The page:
Tag Archives: education

Financial Corruption and Value Dilution in Higher Education

I’d been brows­ing through the news recent­ly for a col­lec­tion of arti­cles to share on a rather broad top­ic: the influ­ence of mon­eyed inter­ests on the edu­ca­tion­al sys­tem. This is a long­stand­ing inter­est of mine, hav­ing grown up dur­ing a time when a year in uni­ver­si­ty cost about $1,200, and hav­ing watched tuition rates and liv­ing costs bal­loon expo­nen­tial­ly ever since. But what shocked me into get­ting the links to this post up that much soon­er is this emerg­ing sto­ry from the US:

The Secu­ri­ties and Exchange Com­mis­sion on Tues­day said it brought fraud charges against ITT Edu­ca­tion­al Ser­vices Inc. and two of its top exec­u­tives, alleg­ing they mis­led investors about the loom­ing finan­cial impact of two bad­ly-per­form­ing stu­dent-loan pro­grams on the for-prof­it edu­ca­tor. […] ITT formed the stu­dent-loan pro­grams to pro­vide off-bal­ance-sheet loans for ITT’s stu­dents in the wake of the finan­cial cri­sis, when the mar­ket for pri­vate stu­dent loans dried up and for-prof­it schools cre­at­ed new ways to help stu­dents pay their tuition bills.”

source: Wall Street Journal

Let us fur­ther expand on the dia­logue sur­round­ing mon­ey in edu­ca­tion for the ben­e­fit of those who haven’t been as immersed in the debate:

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Reflections on Finance and the Incentive to Budget, Part 1

Appar­ent­ly my excur­sion from the oth­er day left me laid up a while after­wards, so I’ve been using the time to rest, catch up on cur­rent events, and read up about one of my oth­er peren­ni­al loves: finance.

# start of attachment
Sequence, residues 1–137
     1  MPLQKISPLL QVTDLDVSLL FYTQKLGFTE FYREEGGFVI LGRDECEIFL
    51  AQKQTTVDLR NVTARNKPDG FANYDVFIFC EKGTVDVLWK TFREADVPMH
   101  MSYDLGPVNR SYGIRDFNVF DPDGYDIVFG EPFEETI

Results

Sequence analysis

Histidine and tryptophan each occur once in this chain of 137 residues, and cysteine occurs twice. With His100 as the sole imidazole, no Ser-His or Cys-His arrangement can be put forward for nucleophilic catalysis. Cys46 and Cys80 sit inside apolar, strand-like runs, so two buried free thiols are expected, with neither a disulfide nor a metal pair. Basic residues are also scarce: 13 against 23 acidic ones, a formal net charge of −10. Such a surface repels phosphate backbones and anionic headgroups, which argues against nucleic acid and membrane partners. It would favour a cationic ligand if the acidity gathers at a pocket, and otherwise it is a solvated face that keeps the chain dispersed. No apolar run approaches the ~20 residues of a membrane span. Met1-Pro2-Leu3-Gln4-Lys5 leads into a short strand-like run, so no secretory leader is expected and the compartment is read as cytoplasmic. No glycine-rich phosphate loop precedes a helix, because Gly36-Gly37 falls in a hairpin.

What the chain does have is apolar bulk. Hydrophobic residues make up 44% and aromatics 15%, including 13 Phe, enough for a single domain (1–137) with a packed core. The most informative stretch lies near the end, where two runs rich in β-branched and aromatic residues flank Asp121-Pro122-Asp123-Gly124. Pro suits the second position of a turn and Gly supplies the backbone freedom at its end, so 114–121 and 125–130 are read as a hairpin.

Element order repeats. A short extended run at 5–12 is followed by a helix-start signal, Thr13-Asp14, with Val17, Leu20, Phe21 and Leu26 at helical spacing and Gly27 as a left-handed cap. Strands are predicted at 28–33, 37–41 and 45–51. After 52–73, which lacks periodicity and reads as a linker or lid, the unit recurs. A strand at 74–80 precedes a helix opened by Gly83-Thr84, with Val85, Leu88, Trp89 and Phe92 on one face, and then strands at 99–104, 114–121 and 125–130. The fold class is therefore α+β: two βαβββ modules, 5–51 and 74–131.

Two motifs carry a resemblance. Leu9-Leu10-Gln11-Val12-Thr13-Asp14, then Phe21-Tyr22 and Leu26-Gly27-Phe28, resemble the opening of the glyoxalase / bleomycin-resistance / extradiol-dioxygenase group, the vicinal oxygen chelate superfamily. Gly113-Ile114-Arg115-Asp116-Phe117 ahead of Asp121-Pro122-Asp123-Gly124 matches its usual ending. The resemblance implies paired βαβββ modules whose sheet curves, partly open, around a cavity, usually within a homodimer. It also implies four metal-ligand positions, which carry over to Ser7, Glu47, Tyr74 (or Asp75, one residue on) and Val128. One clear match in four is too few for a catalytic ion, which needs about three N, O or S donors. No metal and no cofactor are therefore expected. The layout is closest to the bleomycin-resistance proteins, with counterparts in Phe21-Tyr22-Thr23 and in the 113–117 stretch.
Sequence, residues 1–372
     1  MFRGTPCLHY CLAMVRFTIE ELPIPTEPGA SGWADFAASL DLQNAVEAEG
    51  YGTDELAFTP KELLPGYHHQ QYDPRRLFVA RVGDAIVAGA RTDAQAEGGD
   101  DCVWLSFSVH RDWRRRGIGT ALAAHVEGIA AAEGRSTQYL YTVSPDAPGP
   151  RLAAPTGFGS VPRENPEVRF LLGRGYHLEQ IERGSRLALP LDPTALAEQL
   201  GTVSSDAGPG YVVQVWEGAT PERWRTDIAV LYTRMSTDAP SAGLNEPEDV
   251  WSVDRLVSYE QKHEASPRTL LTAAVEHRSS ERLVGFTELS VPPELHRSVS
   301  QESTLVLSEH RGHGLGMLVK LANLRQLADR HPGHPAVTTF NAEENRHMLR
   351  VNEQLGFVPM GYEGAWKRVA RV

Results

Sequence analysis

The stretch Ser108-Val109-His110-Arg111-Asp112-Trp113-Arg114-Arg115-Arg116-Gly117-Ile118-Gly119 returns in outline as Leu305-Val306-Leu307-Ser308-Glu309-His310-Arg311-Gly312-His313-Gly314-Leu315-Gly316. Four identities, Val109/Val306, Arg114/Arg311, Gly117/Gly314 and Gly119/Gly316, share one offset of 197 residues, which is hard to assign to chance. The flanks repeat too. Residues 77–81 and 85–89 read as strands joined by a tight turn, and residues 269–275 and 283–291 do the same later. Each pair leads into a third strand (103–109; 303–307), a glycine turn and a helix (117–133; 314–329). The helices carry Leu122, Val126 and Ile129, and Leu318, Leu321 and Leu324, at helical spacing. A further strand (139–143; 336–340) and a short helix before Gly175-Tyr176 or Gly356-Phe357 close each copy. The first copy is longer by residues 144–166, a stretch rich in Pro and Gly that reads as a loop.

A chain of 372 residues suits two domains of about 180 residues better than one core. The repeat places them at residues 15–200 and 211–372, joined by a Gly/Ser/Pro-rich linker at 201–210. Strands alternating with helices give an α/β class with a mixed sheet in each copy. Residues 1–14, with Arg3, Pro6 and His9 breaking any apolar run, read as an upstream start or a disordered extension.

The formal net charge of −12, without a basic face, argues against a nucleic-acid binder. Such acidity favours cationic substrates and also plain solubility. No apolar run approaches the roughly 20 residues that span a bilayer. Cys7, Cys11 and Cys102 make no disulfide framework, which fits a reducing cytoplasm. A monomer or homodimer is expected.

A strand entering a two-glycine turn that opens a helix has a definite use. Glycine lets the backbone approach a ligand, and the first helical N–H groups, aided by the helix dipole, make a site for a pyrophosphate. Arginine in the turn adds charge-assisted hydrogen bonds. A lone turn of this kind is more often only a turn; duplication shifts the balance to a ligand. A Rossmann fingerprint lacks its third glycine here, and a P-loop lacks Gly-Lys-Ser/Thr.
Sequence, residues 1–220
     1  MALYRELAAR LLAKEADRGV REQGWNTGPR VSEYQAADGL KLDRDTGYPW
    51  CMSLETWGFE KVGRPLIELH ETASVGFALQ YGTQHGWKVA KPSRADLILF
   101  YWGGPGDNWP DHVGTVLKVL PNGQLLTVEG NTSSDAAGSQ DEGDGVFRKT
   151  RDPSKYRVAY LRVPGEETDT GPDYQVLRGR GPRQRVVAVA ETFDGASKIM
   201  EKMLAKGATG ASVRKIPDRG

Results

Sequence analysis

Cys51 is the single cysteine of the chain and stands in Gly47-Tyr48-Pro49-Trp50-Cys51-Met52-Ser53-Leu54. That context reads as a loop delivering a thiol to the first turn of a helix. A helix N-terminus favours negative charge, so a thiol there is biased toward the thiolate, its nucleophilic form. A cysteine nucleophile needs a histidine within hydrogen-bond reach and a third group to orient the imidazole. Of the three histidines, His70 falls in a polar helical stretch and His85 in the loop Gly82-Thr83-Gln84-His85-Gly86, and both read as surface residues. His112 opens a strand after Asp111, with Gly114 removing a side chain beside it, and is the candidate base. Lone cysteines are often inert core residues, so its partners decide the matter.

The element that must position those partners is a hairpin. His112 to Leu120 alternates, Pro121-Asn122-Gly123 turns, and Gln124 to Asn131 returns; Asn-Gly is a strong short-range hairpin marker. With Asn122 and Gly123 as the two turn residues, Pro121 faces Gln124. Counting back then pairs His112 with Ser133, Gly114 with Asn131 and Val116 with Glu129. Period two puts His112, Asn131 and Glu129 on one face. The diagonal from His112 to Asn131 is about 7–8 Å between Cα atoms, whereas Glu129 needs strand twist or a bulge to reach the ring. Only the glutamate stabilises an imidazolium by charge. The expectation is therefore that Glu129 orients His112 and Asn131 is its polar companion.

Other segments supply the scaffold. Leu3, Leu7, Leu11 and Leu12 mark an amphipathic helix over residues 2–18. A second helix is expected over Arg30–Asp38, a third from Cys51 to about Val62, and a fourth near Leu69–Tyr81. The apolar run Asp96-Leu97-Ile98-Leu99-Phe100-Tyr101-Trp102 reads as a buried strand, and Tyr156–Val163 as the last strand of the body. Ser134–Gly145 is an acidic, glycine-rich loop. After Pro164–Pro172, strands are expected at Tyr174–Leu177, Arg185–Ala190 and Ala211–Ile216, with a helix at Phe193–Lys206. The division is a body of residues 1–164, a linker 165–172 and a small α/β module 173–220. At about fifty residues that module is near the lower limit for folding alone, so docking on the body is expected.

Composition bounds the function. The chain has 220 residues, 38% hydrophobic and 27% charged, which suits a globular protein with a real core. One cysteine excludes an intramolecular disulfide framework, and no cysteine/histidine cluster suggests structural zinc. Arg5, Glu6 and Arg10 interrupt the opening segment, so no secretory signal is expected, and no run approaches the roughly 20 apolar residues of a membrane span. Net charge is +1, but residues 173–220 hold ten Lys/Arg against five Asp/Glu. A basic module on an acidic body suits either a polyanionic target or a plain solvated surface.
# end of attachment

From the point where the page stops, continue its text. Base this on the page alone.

I can’t men­tion it enough: a great many peo­ple I’ve encoun­tered over the course of my life have great dif­fi­cul­ty doing some­thing as sim­ple as bal­anc­ing a cheque­book. They take on too many bad debts at unre­al­is­tic inter­est rates, they take on finan­cial instru­ments that built with only the short term in mind, they lose track of where the mon­ey goes each pay­day, or they neglect the pur­pose of cre­at­ing and pro­tect­ing a sav­ings. All of these are patho­log­i­cal and may not at first seem to have that much of an impact, but they cause seri­ous dam­age and a great deal of strife in the end.

Worse still are those who cre­ate an arti­fi­cial cri­sis: they cat­a­stro­phize the state of their being to exclude them­selves from scruti­ny, or choose to stay anchored to cir­cum­stances they could extract them­selves from — for exam­ple, mak­ing proac­tive ren­o­va­tions or repairs to a home that’s bleed­ing out mon­ey through exces­sive ener­gy bills each month, instead of putting up with the sta­tus quo.

Con­tin­ue read­ing